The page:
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Comments

  1. Old Comment
    Some obvious alternatives to Visual Studio that you left out are Code::Blocks and KDevelop (and I really like Qt Creator, but it's only useful for Qt/C++).

    As for office apps, AbiWord is a nice and simple word processor.

    And finally, Kdenlive is a much more powerful video editor, but it's still in early development and is a little glitchy.
    Posted 11-09-2010 at 01:39 PM by MTK358 MTK358 is offline
  2. Old Comment
    Added all those apps in there.
    Posted 11-15-2010 at 08:25 AM by Kenny_Strawn Kenny_Strawn is offline
  3. Old Comment
    Also added LibreOffice to the list of free office suites.
    Posted 11-15-2010 at 08:36 AM by Kenny_Strawn Kenny_Strawn is offline
  4. Old Comment
    Added Pidgin to the list of instant messengers.
    Posted 11-16-2010 at 04:29 AM by Kenny_Strawn Kenny_Strawn is offline
  5. Old Comment
    What about specific programs such as mathematical software such as Matlab or engineering simulation/PCB design software as all I can find is gEDA which is quite obtuse.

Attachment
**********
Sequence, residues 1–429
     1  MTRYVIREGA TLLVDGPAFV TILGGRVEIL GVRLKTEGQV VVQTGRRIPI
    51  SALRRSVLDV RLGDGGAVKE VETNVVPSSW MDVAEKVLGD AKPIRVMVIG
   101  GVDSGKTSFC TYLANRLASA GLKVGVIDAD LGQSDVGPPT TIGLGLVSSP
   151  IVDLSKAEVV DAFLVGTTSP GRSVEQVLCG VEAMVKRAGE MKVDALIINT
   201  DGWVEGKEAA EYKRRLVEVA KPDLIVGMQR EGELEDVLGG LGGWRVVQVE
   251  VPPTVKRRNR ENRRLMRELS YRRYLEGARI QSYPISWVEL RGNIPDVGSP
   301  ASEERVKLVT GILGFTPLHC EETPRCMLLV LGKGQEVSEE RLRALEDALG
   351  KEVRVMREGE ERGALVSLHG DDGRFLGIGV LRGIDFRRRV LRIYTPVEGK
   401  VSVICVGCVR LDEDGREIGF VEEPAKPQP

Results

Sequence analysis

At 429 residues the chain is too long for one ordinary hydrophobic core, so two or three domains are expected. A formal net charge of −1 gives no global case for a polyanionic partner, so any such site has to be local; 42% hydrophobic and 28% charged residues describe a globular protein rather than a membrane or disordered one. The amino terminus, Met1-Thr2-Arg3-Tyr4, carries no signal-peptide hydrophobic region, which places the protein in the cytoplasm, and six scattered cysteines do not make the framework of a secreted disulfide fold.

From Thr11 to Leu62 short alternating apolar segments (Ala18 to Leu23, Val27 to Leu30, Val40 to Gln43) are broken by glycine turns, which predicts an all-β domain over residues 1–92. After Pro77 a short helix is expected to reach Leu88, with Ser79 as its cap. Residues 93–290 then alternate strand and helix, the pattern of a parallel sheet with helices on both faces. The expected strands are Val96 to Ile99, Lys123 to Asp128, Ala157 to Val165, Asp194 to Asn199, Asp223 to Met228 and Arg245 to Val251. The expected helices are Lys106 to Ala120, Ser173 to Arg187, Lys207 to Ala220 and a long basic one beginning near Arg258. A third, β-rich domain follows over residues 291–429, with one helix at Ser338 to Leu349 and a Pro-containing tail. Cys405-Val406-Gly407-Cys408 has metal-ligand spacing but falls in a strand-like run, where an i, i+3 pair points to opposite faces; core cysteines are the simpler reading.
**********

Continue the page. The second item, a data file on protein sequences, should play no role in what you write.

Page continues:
Any help would be appreciated cheers.
    Posted 11-21-2010 at 09:50 AM by Smophos Smophos is offline
  6. Old Comment
    Quote:
    Originally Posted by Smophos View Comment
    What about specific programs such as mathematical software such as Matlab or engineering simulation/PCB design software as all I can find is gEDA which is quite obtuse.

    Any help would be appreciated cheers.
    Probably SageMath is a very good bet.
    Posted 11-24-2010 at 01:25 AM by Kenny_Strawn Kenny_Strawn is offline
  7. Old Comment
    Quote:
    Originally Posted by Smophos View Comment
    What about specific programs such as mathematical software such as Matlab or engineering simulation/PCB design software as all I can find is gEDA which is quite obtuse.

    Any help would be appreciated cheers.
    Scipy for Python is a good alternative to Matlab. Scipy may not be as advanced as Matlab, but being part of Python, it is very versatile.
    iPython offers several features found in Matlab compared to the regular Python shell.
    Posted 11-24-2010 at 07:05 AM by wagaboy wagaboy is offline
  8. Old Comment
    Thank you, I'm still a relative newbie but I want to get rid of Windows for good, it's just stuff I need for work that means I still use it.
    Posted 11-24-2010 at 07:47 AM by Smophos Smophos is offline
  9. Old Comment
    Quote:
    Originally Posted by Smophos View Comment
    Thank you, I'm still a relative newbie but I want to get rid of Windows for good, it's just stuff I need for work that means I still use it.
    Have a look at http://www.scipy.org/Cookbook for an idea of what Scipy is capable of. There are a couple of examples on signal processing (and electrical engineering stuff), which I think is what you are interested in.
    Posted 11-24-2010 at 09:34 AM by wagaboy wagaboy is offline